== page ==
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Snuffing Out a Leading Cause of Bladder Cancer

November 14, 2018

If the smoke getting in your eyes and lungs isn’t enough to convince you or loved ones to participate in the Great American Smokeout on Nov. 15, then consider this: Smoke gets in your pee. And that’s bad news for the bladder.

The carcinogens in cigarette smoke ride out the body through the urinary tract. And that means they make a pit-stop in the bladder, exposing it to high concentrations of toxins that can cause bladder cancer.

Smoking tobacco is in fact among the “single most-known risk factors” of bladder cancer, according to a report by the Cleveland Clinic. Smokers are three-fold more likely to develop bladder cancer than those who never smoked (former smokers are twice as likely), according to an analysis of 89 studies published in the International Journal of Epidemiology.

As a result, more than half of bladder cancers in the U.S. result from smoking, a study by Kaiser Permanente reports. In 2018, that will net out to more than 40,000 of the 81,190 new cases of bladder cancer estimated to be diagnosed. Most cases, 62,380, will occur in men, but the rate of the disease among women could rise if smoking among the younger female population increases. In 2016, 13.5% of women and 17.5% of men smoked.

The Hazards of Holding It In

Bladder cancer occurs when the cells begin to grow uncontrollably, eventually forming a tumor. Because the bladder’s stretchable walls expand gradually until reaching capacity, it is able to store urine and all that is inside it for hours. If that urine contains carcinogens, then the bladder is exposed to them.

Symptoms of bladder cancer include blood in the urine, a burning sensation while urinating, frequent urination and recurrent bladder infections. If you or a loved one experience any of these symptoms, call us to schedule a screening. Even if blood is not visible, microscopic traces can be detected.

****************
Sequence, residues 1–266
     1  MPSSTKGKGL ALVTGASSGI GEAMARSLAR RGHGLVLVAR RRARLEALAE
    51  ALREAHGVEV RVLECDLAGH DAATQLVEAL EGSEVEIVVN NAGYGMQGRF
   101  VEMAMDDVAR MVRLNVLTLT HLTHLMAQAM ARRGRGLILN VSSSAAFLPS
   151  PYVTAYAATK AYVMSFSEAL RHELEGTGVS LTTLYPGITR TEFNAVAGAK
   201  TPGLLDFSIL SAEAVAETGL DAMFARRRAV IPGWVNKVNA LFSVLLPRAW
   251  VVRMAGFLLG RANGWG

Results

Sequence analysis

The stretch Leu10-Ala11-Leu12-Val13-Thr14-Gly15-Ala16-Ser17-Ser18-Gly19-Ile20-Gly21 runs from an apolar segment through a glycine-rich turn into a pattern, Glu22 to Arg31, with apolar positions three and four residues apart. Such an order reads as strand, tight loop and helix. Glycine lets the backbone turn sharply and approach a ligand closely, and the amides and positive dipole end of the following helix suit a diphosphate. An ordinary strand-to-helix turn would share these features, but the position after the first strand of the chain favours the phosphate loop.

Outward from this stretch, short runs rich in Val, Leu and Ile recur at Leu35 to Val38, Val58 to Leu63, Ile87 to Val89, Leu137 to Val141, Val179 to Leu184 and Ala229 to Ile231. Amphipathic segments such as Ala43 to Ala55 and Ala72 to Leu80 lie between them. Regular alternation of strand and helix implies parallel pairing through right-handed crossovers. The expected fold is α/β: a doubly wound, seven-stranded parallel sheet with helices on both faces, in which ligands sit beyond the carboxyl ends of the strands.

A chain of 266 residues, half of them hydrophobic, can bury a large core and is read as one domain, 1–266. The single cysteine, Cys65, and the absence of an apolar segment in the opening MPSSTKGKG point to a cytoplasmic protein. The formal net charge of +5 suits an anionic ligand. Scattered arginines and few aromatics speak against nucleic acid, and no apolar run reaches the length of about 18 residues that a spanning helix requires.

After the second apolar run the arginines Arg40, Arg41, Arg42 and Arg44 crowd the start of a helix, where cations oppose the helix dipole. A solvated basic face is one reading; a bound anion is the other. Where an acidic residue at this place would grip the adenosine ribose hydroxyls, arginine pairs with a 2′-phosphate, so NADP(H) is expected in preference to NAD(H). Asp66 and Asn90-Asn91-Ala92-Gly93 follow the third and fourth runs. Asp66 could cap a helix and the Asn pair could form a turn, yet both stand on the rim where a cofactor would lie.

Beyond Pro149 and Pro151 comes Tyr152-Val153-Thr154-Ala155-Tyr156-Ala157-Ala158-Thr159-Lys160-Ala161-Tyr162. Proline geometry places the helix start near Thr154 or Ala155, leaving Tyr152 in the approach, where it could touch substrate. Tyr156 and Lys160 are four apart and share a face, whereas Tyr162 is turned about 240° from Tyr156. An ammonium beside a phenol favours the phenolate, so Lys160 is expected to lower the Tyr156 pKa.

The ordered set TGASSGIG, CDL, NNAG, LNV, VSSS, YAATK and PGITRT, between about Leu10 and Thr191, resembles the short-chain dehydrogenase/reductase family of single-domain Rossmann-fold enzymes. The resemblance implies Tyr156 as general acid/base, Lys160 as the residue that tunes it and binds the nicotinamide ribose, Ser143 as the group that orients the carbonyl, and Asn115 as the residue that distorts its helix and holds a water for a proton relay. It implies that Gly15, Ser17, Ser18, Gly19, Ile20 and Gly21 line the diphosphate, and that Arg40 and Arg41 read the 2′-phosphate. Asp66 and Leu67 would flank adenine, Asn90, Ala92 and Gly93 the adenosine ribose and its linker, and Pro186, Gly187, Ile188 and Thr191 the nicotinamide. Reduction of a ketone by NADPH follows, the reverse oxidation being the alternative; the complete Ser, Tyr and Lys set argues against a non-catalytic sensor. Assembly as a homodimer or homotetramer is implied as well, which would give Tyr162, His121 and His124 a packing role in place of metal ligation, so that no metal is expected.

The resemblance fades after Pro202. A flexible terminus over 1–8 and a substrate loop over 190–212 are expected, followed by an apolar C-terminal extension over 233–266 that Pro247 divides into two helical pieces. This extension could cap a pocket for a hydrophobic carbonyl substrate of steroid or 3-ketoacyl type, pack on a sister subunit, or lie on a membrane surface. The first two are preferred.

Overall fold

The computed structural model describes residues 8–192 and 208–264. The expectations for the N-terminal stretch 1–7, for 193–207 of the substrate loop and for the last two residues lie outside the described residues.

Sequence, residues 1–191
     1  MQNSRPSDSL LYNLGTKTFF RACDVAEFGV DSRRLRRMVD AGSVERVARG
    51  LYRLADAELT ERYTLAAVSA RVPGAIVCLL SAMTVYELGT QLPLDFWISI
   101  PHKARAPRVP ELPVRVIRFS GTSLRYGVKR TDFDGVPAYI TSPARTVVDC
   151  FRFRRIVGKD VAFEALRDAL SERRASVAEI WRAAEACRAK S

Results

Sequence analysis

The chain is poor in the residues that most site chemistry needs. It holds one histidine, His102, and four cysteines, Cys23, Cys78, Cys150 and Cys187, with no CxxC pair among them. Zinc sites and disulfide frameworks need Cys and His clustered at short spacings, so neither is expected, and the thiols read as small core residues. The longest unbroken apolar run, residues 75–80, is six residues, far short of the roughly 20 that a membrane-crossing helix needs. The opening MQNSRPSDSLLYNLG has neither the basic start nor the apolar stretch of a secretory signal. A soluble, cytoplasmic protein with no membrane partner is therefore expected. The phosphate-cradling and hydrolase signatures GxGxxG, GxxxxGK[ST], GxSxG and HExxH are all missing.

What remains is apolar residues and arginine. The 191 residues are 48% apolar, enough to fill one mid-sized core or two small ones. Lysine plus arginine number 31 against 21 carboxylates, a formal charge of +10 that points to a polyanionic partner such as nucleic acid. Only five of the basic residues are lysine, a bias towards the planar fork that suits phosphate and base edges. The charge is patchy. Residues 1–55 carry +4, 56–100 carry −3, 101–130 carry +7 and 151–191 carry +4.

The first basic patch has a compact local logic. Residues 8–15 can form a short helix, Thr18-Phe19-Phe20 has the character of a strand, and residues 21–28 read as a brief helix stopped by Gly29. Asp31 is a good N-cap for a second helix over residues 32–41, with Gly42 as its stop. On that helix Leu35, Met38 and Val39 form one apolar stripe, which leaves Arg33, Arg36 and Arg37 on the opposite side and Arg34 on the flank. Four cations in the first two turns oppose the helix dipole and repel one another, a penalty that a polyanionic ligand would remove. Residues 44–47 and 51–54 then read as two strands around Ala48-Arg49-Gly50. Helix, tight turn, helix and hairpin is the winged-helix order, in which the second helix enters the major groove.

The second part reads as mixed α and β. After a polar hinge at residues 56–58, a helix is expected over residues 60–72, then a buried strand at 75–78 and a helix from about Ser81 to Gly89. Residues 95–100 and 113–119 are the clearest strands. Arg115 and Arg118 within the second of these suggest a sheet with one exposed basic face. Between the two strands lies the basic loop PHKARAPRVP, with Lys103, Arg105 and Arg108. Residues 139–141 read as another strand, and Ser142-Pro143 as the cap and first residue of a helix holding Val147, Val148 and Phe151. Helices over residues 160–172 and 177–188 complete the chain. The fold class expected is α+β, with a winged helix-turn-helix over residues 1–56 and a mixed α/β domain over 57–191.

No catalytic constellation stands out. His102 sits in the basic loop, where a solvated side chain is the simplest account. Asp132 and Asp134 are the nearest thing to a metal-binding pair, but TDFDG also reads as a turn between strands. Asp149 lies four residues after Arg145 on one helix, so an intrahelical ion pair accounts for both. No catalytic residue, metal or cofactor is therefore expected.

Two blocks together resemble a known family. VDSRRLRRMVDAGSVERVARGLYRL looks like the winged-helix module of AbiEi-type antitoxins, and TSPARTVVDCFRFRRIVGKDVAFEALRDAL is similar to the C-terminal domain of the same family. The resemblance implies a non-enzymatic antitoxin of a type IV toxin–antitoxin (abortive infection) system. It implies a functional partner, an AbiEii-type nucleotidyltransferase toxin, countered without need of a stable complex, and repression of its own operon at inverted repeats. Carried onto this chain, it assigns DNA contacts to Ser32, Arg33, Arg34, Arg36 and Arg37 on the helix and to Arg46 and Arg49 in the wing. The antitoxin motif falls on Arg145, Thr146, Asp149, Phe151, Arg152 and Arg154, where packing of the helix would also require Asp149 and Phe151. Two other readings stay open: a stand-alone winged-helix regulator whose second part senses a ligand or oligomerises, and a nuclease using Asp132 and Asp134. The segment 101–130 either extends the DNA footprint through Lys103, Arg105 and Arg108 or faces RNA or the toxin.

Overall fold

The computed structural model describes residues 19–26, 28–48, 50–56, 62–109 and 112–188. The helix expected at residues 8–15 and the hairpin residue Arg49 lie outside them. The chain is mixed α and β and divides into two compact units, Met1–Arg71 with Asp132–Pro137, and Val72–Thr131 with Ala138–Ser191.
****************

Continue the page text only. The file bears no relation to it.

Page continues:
The good news is that when identified in its early stages, bladder cancer is highly curable –there’s a 77% survival rate in the first five years. But it has to be detected, or better yet, prevented.

No Butts About Cessation

A variety of precautions, including a diet high in fruits, vegetables and liquids, have been connected with reduced chances of bladder cancer. However, among those who smoke, quitting is the single best move for reducing chances of cancer and improving overall health.

For those who want to and/or are trying, know that the odds are leaning toward your success. Today there are more former smokers than current smokers, according to the Centers for Disease Control and Prevention. In 2015, 68% of U.S. smokers said they wanted to quit.

There are many support programs and cessation tools, such as patches and gum, available. Other tips:

  • Consult your doctor for advice and recommendations.
  • Identify the triggers that cause you to smoke, such as stress or sleepiness, and plan alternate activities like walking.
  • If it is feasible, change your environment by taking a trip. An alternate routine will help diminish the habitual urge to light up.
  • Eliminate reminders of smoking, such as matches and ashtrays, and replace them with lollipops, puzzles or mints.
  • Seek help online or on the phone. The site smokefree.gov/online helps smokers build quit plans and also offers an app. Smokers also can call 800-QUIT-NOW or 877-44U-QUIT.

Good luck! And remember, the surest way to keep smoke away from your bladder is by keeping it out of your body.

To learn more about detecting and treating bladder cancer, visit our website here.

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